So, if you agree that humans are conscious intelligent agents, we can go on with the discussion, and leave for the moment unsolved if computers, or aliens, are.

    2) The secon point is to define functional specification. Here, too, all we need is that a human observe may define a function for the onbject explicitly, and give a way to assess it, so that other conscious intelligent beings, like other humans, may agree. Again, it is of no relevance if computers or aliens are cosncious. If they are, they can certainly follow the reaoning with us :)

  48. Elizabeth:

    Ah, the excuhtive power. Well, it is not important. If we observe a designer in the process of designing, that means that he has the executive power. That power can be different, according to the method of impèlementation of design. But at present this is not important.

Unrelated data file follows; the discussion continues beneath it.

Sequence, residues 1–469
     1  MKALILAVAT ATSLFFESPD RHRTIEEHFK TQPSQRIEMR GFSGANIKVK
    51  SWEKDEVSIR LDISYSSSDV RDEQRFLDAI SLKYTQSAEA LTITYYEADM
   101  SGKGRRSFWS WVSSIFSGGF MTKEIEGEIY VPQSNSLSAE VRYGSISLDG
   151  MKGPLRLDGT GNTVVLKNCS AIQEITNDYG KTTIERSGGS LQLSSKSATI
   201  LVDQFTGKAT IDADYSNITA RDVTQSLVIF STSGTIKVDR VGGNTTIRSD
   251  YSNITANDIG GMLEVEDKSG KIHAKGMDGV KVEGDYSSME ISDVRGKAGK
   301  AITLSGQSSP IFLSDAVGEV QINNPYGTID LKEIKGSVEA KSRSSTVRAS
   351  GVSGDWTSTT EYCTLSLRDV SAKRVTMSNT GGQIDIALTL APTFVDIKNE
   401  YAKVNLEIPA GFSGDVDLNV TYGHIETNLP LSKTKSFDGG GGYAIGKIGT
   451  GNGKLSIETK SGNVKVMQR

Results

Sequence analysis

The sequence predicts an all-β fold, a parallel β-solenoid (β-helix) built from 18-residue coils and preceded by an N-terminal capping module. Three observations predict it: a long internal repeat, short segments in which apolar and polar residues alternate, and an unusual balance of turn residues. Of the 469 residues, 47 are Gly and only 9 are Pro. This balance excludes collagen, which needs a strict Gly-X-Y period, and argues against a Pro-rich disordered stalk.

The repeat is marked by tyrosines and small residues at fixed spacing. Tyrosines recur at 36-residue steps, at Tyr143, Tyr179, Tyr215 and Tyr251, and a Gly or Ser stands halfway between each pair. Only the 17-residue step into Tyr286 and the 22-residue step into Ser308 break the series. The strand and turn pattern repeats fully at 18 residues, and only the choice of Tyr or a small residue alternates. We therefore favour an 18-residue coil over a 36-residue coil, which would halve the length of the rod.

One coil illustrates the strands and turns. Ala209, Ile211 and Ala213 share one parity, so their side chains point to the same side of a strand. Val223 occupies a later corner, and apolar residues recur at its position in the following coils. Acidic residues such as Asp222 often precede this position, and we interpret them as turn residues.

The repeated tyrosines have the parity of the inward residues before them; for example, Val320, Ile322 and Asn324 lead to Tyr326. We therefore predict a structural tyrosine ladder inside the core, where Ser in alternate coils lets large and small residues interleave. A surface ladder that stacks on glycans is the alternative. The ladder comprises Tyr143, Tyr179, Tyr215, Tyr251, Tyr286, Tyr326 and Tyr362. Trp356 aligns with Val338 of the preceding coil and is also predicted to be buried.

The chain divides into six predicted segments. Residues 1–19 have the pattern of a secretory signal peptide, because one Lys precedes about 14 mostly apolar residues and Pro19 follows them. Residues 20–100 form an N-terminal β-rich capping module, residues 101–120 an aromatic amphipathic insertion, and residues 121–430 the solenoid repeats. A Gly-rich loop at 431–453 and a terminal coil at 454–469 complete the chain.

For defining a function, the only executive power is that the observer must recognize a function, define it
    and give a method to assess it.

    Maybe I must be mpore clear. I am not saying that, if a certain observer cannot see any function in an object, that means that no function exists for the object. Another observer can recognize a function that the first observer missed.

    All that has not consequences on the discussion. All I am saying is that, if a cosncious observer can explicitly define a function for the object, and give an objective way to assess it, we will take that function into consideration as a specification for that object. Nothing more.

  49. 49
    Elizabeth Liddle